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      Health status and lung function in the Swedish alpha 1-antitrypsin deficient cohort, identified by neonatal screening, at the age of 37–40 years

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          Abstract

          Background

          Severe alpha 1-antitrypsin (AAT) deficiency (genotype PiZZ) is a well-known risk factor for COPD. A cohort of PiZZ and PiSZ individuals was identified by the Swedish national neonatal AAT screening program in 1972–1974 and followed up regularly since birth. Our aim was to study the lung function, respiratory symptoms and health status at the age of 38 years in comparison with a random sample of control subjects selected from the population registry.

          Methods

          The study group included 120 PiZZ, 46 PiSZ and 164 control subjects (PiMM), who answered a questionnaire on smoking habits and symptoms and the Saint George Respiratory Questionnaire (SGRQ) on quality of life. A total of 89 PiZZ, 33 PiSZ and 92 PiMM subjects underwent spirometry.

          Results

          Four percent of the PiZZ, 2% of the PiSZ and 12% of the control subjects were current smokers ( P=0.008), and 17% of the PiZZ, 9% of the PiSZ and 21% of the control subjects had stopped smoking. The PiZZ current smokers had a significantly higher (ie, poorer) median activity score according to the SGRQ than the PiZZ never-smokers ( P=0.032). The PiMM current smokers had significantly higher activity score ( P<0.001), symptom score ( P<0.001), and total score ( P=0.001) according to the SGRQ than the PiMM never-smokers. The PiZZ current smokers had a significantly lower postbronchodilator forced expiratory volume in 1 second (FEV 1)% of predicted value ( P=0.019) and FEV 1/forced vital capacity (FVC) ratio ( P=0.032) than the PiZZ never-smokers. The proportion of subjects with a FEV 1/FVC ratio of <0.70, indicating COPD, was significantly higher in the PiZZ current smokers than in the PiZZ never-smokers ( P=0.001). Among the PiSZ and PiMM subjects, the differences in lung function between the smoking subgroups were insignificant.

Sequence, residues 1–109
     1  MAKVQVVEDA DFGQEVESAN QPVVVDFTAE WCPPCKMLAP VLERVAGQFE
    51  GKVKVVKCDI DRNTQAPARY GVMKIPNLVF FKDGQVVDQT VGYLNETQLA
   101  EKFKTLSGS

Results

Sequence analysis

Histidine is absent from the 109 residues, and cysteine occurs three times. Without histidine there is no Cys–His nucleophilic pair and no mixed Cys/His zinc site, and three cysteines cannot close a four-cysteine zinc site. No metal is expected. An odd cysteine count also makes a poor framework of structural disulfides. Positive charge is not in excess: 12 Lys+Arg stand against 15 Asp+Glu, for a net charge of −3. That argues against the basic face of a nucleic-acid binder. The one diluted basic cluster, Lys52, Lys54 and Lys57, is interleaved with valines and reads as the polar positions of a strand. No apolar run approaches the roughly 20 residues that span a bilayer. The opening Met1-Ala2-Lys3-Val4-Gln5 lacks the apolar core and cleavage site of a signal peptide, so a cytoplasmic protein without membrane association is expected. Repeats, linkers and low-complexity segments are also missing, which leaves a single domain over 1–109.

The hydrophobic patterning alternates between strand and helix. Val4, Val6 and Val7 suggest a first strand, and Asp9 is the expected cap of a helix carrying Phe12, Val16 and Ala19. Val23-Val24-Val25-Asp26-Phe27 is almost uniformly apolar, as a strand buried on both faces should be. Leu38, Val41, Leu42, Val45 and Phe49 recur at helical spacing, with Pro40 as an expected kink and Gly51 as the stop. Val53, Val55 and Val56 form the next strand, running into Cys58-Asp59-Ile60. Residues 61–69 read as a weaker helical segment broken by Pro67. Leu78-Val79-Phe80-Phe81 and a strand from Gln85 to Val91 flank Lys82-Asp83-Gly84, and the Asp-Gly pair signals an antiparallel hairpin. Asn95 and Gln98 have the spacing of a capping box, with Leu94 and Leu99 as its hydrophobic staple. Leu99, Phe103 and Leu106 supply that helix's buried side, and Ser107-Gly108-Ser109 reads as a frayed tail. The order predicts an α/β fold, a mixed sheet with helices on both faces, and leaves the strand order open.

Conclusion

          PiZZ current smokers were found to have signs of COPD before 40 years of age. Smoking is less common among the AAT-deficient subjects identified by neonatal screening than among their peers in the general population.

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          Most cited references 11

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          Liver disease in alpha1-antitrypsin deficiency detected by screening of 200,000 infants.

           T Sveger (1976)